There is no evidence of anything having lived on Mars (yet), but what we do know now is that hypothetical fossilized microbes could have been obliterated.
NASA’s Curiosity rover got really curious when it observed some areas of Gale Crater. It saw areas of the rock record that had been mysteriously destroyed, and if there was fossilized life there, it could have gone with it. Curiosity’s CheMin instrument found the culprit. Billions of years ago, brines seeped through the bottom of one of the crater’s lakes as it was drying out. They ended up changing the chemistry of the subsurface.
What are now layers of mudstone have had their record completely rewritten — which could mean evidence of life that spawned later. Even more fascinating, as CheMin principal investigator Tom Bristow observed in a study recently published in Science, is that there are unaltered areas of the same layer of rock just over a thousand feet away.
“With CheMin, we found large differences in the content of clay minerals and iron oxide minerals in the rocks in these two places,” Bristow tells SYFY WIRE. “These differences cannot be explained by lake processes, so we started to think about other sources and types of fluids that could cause the difference in minerals.”
CheMin revealed how vastly different the chemistry of the two sites are. Lakes that have long since dried out first formed in the crater around 3.5 billion years ago. Previous observations beamed back by spacecraft had already revealed that layers of rock with high levels of magnesium sulfates eventually covered up the original deposits in those lakes. The presence of these highly soluble sulfates, gave away that most of the lake water in that part of Gale Crater had evaporated as the Martian climate, thought to have once been habitable, dried up.
When a shift in climate vaporizes water, brines tend to form (a phenomenon that has already been seen in the remains of ancient lakes on Earth). They are the product of buried salt deposits dissolving into whatever water that is left. These brines will make their way into the sediment beneath, and lakes can shrink or expand depending on the conditions surrounding them. As mudstone slowly morphed into sedimentary rock through diagenesis, a process that involves both physical and chemical changes, its past was overwritten.
“The physics that determines what types of minerals are stable under particular physical and chemical conditions is the same on Earth and Mars,” Bristow says. “Because of this, minerals are essential recorders of what conditions were like on Mars billions of years in the past.”
It isn’t impossible for things to live in salty lakes. Even if there was freshwater life that perished when the lakes of Mars evaporated, other things may have taken over. Diagenesis can create an ideal habitat for microbes and other forms of life. Brine shrimp — which you might know better as sea monkeys — thrive in salty environments. These creatures can dry out in harsh conditions and reanimate when things improve. What scientists really need to investigate is whether the region and time period in which the minerals formed make them potential indicators of life.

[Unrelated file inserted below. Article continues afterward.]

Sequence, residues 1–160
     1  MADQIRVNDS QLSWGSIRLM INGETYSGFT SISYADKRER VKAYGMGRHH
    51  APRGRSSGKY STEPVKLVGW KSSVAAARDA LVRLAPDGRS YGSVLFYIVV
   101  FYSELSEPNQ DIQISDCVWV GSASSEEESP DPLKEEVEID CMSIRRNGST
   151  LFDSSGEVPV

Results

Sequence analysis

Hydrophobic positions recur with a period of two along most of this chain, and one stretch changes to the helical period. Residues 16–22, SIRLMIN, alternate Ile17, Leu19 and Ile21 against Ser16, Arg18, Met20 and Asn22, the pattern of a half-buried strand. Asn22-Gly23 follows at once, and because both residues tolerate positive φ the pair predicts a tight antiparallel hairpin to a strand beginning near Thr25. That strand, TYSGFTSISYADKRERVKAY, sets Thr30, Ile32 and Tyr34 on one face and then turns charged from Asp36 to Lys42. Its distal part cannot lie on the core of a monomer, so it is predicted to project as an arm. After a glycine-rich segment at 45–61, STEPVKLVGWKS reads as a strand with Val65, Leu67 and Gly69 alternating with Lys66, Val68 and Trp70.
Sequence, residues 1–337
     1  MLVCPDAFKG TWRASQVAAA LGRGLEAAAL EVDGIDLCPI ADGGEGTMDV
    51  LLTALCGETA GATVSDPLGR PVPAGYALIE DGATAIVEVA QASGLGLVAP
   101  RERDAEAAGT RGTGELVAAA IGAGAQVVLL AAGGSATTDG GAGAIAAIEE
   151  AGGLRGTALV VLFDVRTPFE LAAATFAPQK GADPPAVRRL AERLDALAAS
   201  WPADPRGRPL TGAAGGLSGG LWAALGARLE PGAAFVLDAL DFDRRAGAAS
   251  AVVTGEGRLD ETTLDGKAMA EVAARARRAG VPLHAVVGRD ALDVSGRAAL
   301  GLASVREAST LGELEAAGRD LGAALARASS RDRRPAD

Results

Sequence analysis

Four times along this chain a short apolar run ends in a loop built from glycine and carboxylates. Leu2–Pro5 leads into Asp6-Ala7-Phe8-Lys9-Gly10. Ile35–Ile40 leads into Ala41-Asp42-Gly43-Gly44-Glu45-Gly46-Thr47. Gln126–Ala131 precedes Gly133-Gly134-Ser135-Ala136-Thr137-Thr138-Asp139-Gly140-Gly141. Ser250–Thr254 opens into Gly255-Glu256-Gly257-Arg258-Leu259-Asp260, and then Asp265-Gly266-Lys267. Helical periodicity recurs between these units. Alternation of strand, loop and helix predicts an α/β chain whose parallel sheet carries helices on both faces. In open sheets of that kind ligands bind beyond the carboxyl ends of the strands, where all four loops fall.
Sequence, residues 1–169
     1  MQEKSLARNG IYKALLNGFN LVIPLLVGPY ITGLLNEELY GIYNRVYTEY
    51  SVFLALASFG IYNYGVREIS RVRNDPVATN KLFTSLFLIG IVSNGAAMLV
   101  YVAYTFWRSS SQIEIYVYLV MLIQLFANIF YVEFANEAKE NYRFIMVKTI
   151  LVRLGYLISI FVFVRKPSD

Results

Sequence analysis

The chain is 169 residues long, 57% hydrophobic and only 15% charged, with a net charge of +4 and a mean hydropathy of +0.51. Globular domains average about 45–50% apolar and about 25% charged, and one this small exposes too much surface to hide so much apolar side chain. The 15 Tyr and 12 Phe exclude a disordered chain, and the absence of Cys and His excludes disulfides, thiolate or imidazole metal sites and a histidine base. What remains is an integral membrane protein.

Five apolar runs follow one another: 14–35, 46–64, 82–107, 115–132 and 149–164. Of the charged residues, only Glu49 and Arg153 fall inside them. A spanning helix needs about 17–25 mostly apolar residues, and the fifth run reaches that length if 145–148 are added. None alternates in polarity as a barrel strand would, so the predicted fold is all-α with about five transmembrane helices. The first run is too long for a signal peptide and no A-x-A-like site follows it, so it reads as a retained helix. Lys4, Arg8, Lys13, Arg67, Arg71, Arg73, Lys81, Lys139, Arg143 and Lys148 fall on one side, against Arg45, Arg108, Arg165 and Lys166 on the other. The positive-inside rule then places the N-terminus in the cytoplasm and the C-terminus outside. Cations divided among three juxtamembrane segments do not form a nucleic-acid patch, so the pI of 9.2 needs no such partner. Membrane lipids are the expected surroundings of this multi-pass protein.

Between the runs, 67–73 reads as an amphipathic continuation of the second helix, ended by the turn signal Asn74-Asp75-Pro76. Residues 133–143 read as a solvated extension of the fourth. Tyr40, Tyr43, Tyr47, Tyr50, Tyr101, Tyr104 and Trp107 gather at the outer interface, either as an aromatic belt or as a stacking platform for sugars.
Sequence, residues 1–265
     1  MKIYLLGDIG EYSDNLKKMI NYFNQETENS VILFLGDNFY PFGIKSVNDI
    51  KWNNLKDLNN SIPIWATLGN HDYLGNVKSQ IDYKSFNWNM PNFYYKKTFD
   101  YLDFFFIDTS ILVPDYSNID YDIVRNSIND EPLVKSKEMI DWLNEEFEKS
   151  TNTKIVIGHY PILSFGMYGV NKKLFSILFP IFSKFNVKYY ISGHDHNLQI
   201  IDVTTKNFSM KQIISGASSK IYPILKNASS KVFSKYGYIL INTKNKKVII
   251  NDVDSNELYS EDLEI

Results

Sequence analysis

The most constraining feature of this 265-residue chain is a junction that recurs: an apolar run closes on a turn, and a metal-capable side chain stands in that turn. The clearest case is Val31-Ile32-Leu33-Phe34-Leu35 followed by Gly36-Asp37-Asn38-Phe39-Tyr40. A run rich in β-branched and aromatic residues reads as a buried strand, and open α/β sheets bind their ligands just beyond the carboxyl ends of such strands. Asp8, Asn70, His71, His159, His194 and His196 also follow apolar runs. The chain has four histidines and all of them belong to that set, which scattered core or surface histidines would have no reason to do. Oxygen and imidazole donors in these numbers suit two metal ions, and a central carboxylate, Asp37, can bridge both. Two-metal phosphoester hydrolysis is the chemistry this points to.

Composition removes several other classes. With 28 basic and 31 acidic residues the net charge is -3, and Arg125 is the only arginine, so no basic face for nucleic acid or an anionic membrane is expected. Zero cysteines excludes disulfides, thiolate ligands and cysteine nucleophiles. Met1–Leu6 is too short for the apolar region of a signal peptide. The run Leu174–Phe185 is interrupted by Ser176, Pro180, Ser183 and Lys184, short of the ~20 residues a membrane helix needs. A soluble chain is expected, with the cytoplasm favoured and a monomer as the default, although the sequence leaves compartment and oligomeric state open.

Minerals from that strange former lake in Gale Crater have some things to say about that. While they may not be screaming “aliens,” it became obvious the brines were oxidizing. This explains how Mars got to be the Red Planet. Lava from long-dead Martian volcanoes hardened into igneous rocks that turned red as they were oxidized during diagenesis. There are microbes right here on Earth that are actually involved in this process. Curiosity is now climbing Mount Sharp, also formed by layers of sediment, to investigate the younger layers.
Where Mount Sharp ends, so do deposits of sediment. The higher up Curiosity crawls, the newer the sediment, meaning a prospect of finding more evidence for what changes to the sulfates in this relatively young sediment could mean. Bristow is eager to continue investigating the reactions that could have occurred on Mars and whether they indicate life.
“Studying the mineralogy and physical characteristics of these rocks will give us further insights into the brines along with their formation, reactions, and possible sources of energy for life,” he says. “It will be fascinating to see if the rocks provide clues about broader climate change on Mars.”